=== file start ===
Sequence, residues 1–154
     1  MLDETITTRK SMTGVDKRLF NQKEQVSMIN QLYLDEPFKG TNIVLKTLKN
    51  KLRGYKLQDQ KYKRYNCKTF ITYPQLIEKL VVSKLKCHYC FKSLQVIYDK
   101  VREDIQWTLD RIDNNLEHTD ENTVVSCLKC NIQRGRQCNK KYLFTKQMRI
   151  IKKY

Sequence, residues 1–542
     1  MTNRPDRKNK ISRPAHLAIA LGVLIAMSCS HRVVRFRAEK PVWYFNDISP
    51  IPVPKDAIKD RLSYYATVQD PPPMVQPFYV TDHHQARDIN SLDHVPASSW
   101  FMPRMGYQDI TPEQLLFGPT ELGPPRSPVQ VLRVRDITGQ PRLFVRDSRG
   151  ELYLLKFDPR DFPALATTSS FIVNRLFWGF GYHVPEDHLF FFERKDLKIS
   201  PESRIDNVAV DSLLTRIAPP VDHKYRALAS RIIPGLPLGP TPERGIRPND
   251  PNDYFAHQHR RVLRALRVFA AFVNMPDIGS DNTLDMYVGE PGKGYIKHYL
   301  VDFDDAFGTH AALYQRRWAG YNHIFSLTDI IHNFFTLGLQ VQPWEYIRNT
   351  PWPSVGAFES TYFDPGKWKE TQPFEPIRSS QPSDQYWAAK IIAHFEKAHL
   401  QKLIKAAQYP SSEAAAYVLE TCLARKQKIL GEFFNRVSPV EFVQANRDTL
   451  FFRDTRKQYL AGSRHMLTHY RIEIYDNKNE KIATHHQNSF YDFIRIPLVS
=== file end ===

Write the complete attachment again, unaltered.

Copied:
Sequence, residues 1–154
     1  MLDETITTRK SMTGVDKRLF NQKEQVSMIN QLYLDEPFKG TNIVLKTLKN
    51  KLRGYKLQDQ KYKRYNCKTF ITYPQLIEKL VVSKLKCHYC FKSLQVIYDK
   101  VREDIQWTLD RIDNNLEHTD ENTVVSCLKC NIQRGRQCNK KYLFTKQMRI
   151  IKKY

Sequence, residues 1–542
     1  MTNRPDRKNK ISRPAHLAIA LGVLIAMSCS HRVVRFRAEK PVWYFNDISP
    51  IPVPKDAIKD RLSYYATVQD PPPMVQPFYV TDHHQARDIN SLDHVPASSW
   101  FMPRMGYQDI TPEQLLFGPT ELGPPRSPVQ VLRVRDITGQ PRLFVRDSRG
   151  ELYLLKFDPR DFPALATTSS FIVNRLFWGF GYHVPEDHLF FFERKDLKIS
   201  PESRIDNVAV DSLLTRIAPP VDHKYRALAS RIIPGLPLGP TPERGIRPND
   251  PNDYFAHQHR RVLRALRVFA AFVNMPDIGS DNTLDMYVGE PGKGYIKHYL
   301  VDFDDAFGTH AALYQRRWAG YNHIFSLTDI IHNFFTLGLQ VQPWEYIRNT
   351  PWPSVGAFES TYFDPGKWKE TQPFEPIRSS QPSDQYWAAK IIAHFEKAHL
   401  QKLIKAAQYP SSEAAAYVLE TCLARKQKIL GEFFNRVSPV EFVQANRDTL
   451  FFRDTRKQYL AGSRHMLTHY RIEIYDNKNE KIATHHQNSF YDFIRIPLVS